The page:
- ultrasound : generalised enlargement
Which is the rarest tendinopathy?
- commonly within digital sheath or navicular bursa (never really in metacarpal region)
> mid-substance disruption v border tears
- usually lateral
Which intra-thecal tendon tears are most common in fore and hindlimbs?
- lateral border
> manica flexoria
- usually HL
> ultrasound diffficult
- lateral or medial echogenic material
- MF instability in longitudinal view
- distended flexor tendon sheath
What are windgalls?
Bilat symmetrical, tenosynovitis -> idiopathic distnesion of the digital sheath
No need for tx if non painful and bilateral (common ponies)
How does tenosynovitis affect lexor tendon region?
- important consequences for associated soft tissues and bone
Causes of digital sheath tenosynovitis?
- idiopathic (widngalls)
- non-septic (1* or mostly 2* )
- penetrating injuries -> sepsis
What is ALS? PE?
> annular ligament syndrome
- milkd-mod lameness
- minimally responsive to rest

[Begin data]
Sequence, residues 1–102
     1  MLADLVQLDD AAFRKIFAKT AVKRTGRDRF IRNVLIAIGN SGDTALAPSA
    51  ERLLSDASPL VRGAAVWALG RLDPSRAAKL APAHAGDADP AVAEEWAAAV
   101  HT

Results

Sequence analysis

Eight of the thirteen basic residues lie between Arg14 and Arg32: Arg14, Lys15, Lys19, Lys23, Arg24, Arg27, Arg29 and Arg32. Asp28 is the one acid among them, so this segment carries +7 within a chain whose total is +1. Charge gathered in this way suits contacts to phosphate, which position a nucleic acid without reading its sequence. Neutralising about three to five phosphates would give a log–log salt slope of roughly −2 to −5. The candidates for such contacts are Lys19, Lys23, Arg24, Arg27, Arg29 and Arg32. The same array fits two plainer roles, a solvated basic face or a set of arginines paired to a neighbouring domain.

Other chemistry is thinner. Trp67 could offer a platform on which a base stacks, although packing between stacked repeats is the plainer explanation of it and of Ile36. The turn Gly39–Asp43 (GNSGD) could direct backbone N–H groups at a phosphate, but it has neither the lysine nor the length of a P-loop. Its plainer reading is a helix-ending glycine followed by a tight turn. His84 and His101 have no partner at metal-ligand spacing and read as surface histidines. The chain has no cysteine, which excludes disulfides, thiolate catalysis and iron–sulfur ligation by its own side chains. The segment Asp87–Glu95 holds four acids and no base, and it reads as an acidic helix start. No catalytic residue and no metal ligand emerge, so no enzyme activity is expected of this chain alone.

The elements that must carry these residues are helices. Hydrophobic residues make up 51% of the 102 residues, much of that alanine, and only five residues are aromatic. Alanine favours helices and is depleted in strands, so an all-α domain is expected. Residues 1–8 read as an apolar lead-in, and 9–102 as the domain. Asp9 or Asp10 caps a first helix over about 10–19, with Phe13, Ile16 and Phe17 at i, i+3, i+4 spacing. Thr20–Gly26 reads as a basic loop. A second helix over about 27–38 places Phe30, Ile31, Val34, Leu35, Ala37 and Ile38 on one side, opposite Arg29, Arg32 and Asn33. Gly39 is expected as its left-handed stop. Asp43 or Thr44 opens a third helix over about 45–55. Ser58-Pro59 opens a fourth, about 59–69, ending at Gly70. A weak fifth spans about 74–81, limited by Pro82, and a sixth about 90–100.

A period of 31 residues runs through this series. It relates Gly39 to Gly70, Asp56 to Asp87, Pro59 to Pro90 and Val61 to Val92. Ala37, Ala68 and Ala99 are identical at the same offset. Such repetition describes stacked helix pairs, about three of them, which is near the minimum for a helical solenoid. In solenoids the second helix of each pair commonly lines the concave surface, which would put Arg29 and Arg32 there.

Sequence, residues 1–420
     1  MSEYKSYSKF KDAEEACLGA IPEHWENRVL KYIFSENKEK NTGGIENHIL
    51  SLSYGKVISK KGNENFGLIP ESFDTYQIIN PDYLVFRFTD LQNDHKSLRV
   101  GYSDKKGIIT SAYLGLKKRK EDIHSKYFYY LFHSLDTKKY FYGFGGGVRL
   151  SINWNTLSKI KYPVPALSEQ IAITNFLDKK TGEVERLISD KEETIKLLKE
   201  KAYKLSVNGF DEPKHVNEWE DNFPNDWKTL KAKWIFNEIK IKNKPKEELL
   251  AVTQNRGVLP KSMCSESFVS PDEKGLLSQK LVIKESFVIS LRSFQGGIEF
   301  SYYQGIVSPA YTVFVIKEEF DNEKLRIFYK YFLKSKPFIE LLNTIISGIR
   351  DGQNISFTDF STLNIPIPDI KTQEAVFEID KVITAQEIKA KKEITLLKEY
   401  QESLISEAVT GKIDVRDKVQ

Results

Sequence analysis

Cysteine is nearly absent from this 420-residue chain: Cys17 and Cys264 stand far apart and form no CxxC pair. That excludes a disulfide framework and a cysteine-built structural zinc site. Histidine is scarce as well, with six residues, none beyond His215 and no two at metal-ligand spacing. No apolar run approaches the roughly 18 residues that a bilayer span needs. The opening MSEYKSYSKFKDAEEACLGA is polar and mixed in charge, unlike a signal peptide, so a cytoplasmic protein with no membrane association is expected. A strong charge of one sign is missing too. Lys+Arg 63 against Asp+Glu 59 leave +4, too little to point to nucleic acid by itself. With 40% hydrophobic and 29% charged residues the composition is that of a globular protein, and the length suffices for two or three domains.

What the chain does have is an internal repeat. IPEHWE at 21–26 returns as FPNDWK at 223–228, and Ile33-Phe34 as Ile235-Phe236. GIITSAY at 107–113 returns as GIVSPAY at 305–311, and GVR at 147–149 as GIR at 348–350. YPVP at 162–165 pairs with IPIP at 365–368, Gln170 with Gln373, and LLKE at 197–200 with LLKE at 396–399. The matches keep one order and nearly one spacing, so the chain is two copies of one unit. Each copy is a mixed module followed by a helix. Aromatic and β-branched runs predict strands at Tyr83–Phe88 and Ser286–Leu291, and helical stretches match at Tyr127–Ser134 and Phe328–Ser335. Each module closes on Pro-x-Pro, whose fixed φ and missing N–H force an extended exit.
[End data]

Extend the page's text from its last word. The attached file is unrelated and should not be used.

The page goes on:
- occasionally irregular gliding of tendons
- distended digital sheath with notch at level of PAL
Further dxx findigns with ALS?
> digital sheath analgesia
- usually + but may not be 100%
- ?mechanical element to lameness?
- >2mm thickness
What are the 3 phases of tendonitis?
(over ~1yr, SL quicker, tendons slower)
Historical tx for tendonitis?
- many tx advocated n the past
- many no effect, some deleterious
- little evidence base
What clinical signs and pathology is associated with the inflammatory phase? (first 2 weeks)
- lamenss (dt inflam)
- pain on palp
- heat and swelling
- inflam (neutrophils, macrophages, monocytes, ^ blood flow, oedema, proteolytic enzymes)
Rational tx of inflammmaory phase of tendopathy?
= minimise inflammation
> physical therapy
- MCP joint support
- short acting steroids (only within 24-48hrs, systemic or PERItendinosly, risk laminitis or apparnet resolution and over working!)
- NSAIDs (analgesia too)
- percutaneous tendon splitting
- poss combined with intrateninour medication
- minimal evidence
Clinical signs and pathology associated with subacute reparative phase (1 week-6months)
> clinical signs
- reduction/abscence of lameness
- resolution of inflame
- tendon still palpably enlarged and soft
- signs of re-injury if exercised too early
- fibroplasia (++ fibroblasts, collagen III, small collagen fibrils formed)
Tx in subacute phase (1week-6 months)
- prgressive (introduce trotting after 3 months for SDFT)
> regular ultrasound monitoring
- every 2-3months
- excercise based on cross sect area of tendonds (
3 main regenerative medicines for tendiopathy? Aims of regenerative medicine?